Pick of the Week

December 5, 2012 – Avengers #1

What did the
community think?

Avg Rating: 4.4
iFanboy Community Pick of the Week Percentage: 67.6%
Users who pulled this comic:
Story by Jonathan Hickman
Art by Jerome Opeña
Colors by Dean White
Letters by Cory Petit
Cover by Dustin Weaver, Skottie Young, Esad Ribic, J. Scott Campbell

Size: 32 pages
Price: 3.99

Say what you will about the various relaunches, reboots and other methods of driving sales by the major comic book publishers, but there’s something bubbling under the surface while all that pomp and circumstance is happening. We may not realize it, but I believe we’re currently in the middle of the ever cyclical changing of the guard in terms of comics talent. As far as I can tell from my years of comic book collecting, this changeover happens every 5 to 8 years, as we see a shifting of the names of the people making the comics that we rave about, and the manner that they go about it. I don’t believe Marvel NOW! or DC’ The New 52 or Image’s Experience Creativity is the start of this shift, I think it began a couple of years ago, but if anything this year has been the apex of that new period and no other book embodies this more than Avengers #1 from Jonathan Hickman and Jerome Opeña.

Launching the fifth volume of Marvel’s flagship team book at this point in time is tricky business. Not only did Brian Michael Bendis, Marvel’s premiere writer and talent, just wrap up his run of 8 years on the title, but there’s also the 1 billion dollar plus elephant in the room thanks to this year’s blockbuster movie release of Marvel’s The Avengers casting a long shadow over all of Marvel’s Avengers related releases. As a new age of titles roll out at Marvel Comics, the choice to hand the franchise to Jonathan Hickman as the writer is a telling one. Say what you will about Marvel’s various editorial choices, but if anything, this move will mark the editorial reign of Axel Alonso as editor-in-chief as one that is willing to challenge readers with a more modern approach to superheroes.

Following long running acts often leaves a writer with no choice but to take a radical change in direction. This decision to change in direction can be risky, because you gamble with the established audience’s willingness to try something new. Luckily though, Marvel has seem several successful changes in direction in recent months. Led by Mark Waid guiding Daredevil out of the darkness and into the light, the 180 change is now becoming something expected during this Marvel NOW! roll out, such as Rick Remender’s turn towards sci-fi/action with Captain America after Ed Brubaker’s nostalgic espionage-filled run. So what change has Hickman made on Avengers after following Bendis? Not surprising to me at all, a Hickman fan, that his response to Bendis’ character and dialogue driven approach would be much quieter and focused on action and driving the plot forward, all the while combining what we know and would expect from the Avengers, and at the same time, injecting something new.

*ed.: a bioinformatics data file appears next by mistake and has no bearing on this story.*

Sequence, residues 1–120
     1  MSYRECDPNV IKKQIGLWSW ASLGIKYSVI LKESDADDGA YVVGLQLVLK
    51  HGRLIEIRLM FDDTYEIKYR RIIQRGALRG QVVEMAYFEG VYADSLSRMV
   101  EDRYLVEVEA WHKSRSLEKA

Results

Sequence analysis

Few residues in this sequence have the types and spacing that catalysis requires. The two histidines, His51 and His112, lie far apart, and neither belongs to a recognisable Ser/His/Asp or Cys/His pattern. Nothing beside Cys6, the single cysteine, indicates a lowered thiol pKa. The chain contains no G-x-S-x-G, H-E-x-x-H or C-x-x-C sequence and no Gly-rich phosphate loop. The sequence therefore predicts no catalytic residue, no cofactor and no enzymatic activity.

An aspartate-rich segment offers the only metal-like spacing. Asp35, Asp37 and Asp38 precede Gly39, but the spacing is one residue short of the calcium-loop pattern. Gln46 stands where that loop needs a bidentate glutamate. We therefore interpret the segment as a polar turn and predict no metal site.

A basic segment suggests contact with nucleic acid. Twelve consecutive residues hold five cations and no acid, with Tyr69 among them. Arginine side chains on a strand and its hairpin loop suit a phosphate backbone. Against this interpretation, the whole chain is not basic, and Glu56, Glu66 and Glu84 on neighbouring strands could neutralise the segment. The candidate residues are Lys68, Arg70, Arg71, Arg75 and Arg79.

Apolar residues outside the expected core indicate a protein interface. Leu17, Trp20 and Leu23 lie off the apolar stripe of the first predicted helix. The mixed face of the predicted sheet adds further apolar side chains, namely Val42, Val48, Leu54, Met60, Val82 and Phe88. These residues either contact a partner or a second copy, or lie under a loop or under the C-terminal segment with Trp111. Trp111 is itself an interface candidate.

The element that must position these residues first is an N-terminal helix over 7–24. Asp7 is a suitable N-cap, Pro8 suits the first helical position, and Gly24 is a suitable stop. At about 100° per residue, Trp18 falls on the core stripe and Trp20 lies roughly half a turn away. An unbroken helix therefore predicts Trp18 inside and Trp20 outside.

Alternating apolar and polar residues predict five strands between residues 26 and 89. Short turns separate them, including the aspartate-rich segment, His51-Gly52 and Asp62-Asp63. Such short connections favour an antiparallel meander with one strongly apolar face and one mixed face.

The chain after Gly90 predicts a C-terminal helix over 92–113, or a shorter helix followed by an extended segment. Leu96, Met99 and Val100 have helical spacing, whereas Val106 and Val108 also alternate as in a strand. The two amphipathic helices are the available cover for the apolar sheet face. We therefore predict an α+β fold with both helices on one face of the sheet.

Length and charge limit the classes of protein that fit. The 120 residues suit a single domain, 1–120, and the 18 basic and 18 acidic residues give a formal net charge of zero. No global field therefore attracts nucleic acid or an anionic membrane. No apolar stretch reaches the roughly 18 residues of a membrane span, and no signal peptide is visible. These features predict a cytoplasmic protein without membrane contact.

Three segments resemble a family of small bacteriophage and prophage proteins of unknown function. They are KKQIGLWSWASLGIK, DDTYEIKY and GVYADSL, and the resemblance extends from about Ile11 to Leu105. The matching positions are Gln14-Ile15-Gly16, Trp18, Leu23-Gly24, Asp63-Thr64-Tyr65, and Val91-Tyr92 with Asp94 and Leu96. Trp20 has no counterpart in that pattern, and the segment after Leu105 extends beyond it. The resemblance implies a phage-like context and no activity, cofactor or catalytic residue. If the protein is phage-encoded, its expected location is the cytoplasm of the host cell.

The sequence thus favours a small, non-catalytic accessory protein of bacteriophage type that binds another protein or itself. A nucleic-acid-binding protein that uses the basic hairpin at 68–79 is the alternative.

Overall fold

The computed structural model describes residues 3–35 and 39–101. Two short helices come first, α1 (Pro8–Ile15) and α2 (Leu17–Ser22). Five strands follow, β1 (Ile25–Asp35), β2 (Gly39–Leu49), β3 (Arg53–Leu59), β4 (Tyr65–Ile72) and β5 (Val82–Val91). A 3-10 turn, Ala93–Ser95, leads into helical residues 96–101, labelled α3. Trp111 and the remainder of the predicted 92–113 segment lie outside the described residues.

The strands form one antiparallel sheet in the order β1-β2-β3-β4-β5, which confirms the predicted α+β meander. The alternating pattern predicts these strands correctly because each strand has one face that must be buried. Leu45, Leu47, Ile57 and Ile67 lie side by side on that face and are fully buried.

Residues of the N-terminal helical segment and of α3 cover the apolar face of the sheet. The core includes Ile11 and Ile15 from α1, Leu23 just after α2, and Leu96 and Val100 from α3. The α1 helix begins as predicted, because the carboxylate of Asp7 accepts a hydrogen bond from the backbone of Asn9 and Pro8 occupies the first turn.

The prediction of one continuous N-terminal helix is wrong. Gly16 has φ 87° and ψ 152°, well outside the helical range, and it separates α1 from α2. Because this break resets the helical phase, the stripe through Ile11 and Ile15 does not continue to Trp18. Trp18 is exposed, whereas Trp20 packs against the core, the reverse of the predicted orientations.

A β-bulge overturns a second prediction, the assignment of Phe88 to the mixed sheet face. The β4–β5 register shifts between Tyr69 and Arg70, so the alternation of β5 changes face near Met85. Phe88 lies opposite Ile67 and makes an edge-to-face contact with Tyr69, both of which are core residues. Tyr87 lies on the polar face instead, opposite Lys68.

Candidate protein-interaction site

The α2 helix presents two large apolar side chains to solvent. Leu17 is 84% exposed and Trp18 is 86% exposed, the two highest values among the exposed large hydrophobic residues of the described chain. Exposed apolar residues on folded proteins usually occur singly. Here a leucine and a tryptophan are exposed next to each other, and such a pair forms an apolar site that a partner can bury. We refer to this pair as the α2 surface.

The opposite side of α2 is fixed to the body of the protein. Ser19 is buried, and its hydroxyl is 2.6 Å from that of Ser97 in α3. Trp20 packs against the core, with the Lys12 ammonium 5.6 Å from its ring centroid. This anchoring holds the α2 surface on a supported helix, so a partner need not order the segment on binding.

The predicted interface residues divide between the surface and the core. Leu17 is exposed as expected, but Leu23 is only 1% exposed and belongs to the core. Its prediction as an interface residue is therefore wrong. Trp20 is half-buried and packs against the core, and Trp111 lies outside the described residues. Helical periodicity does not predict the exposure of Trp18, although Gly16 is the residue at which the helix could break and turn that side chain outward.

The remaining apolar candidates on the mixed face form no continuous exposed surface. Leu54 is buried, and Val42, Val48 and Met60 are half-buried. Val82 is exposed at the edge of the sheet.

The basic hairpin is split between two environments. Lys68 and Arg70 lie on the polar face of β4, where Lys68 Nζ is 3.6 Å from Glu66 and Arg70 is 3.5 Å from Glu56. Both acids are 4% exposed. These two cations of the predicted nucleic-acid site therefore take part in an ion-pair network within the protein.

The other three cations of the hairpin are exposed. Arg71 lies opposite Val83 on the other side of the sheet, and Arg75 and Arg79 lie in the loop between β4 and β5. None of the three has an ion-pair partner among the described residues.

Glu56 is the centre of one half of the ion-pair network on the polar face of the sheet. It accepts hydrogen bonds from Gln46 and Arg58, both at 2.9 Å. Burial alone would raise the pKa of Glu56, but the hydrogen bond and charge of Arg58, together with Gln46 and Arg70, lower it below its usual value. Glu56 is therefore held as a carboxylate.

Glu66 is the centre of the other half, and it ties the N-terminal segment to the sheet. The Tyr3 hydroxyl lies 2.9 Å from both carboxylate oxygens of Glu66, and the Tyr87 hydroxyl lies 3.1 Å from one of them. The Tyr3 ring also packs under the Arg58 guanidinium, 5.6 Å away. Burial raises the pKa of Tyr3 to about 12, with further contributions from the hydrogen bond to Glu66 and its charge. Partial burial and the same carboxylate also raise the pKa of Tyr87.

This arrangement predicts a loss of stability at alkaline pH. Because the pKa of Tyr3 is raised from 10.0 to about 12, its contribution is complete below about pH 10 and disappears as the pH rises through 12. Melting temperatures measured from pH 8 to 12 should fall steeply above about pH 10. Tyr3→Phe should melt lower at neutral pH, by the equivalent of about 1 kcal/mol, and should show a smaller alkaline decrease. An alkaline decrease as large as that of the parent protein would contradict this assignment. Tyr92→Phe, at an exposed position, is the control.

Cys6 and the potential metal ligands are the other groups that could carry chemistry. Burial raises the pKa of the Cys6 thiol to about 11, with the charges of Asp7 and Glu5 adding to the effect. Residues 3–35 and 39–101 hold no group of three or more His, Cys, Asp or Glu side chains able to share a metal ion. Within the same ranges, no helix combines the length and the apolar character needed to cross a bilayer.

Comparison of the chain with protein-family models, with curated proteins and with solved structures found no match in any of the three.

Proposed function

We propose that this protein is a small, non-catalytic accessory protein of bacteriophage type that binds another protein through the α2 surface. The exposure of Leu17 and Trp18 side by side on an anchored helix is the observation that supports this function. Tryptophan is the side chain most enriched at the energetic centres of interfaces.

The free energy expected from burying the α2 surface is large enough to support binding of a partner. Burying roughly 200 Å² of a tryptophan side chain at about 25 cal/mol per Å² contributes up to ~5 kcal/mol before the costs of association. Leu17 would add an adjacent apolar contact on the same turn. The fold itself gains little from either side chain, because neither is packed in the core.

Worrying very little about setup, Hickman throws the reader into his new world order of the Avengers. Going with a team lineup that is both traditional and familiar to fans of the movie, we get a glimpse of behind the scenes preparations by Iron Man and Captain America, and a nod to the past (the early first days of the Avengers) while plotting for the future. It’s almost as if it’s an intended metaphor for what Hickman is beginning to unravel with his run on Avengers. We get a sense of preparations by Stark based on the words of Captain America says, “We have to get bigger.” It’s that simple line of dialogue that encapsulates what Hickman is doing with the Avengers.

Giving us glimpses of what is to come, we are introduced to a new villain, Ex Nihilo (Latin for “out of nothing”) who has terraformed Mars. Without debate, the Avengers respond and are summarily flattened by Ex Nihilo and his forces, leaving Captain America to escape back to Earth with a warning of what’s to come. The economy of story telling as this plot develops is what stunned me. All of the above occurs in the span of 10 or so pages. No debating, no discussing around a table, no snappy banter. Just jumping right into the action. It’s a statement within itself as Hickman’s modern manner of comics settles in. Not quite as challenging as his creator owned work, but even within the confines of Marvel Comics, Hickman makes you work for it, and when you do, the results are more than satisfying.

Continuing the changing of the guard in comics talent, I cannot express how happy it makes me to see the artist leading the charge (at least at Marvel) for bringing in the “new” approach to comics is Jerome Opeña. A talented artist that we saw greatness from years ago in the pages of Fear Agent, Opeña wowed the world with his work on Uncanny X-Force two years ago, but with Avengers #1, it’s clear that Uncanny X-Force was simply an opening act. Paired with the always amazing Dean White, Opeña forges a new look for Earth’s Mightiest Heroes that is as perfect a pairing to Hickman’s tonal shift in the book as there can be. Elegantly, subtle and beautiful, each page by Opeña and White deserves to be drooled over. His visualization and character design of Ex Nihilo is both intriguing and threatening at the same time. His representation of these characters in the Avengers that we’ve known and read for decades is at the same time fresh and accessible, even to fans coming from the movies. Opeña’s art has a gentle manner of reaching the reader with an evocative approach, while at the same time balancing the pace and action of the story. There is no way any Marvel Comics fan reaches the last page of this book and isn’t completely excited and inspired for more.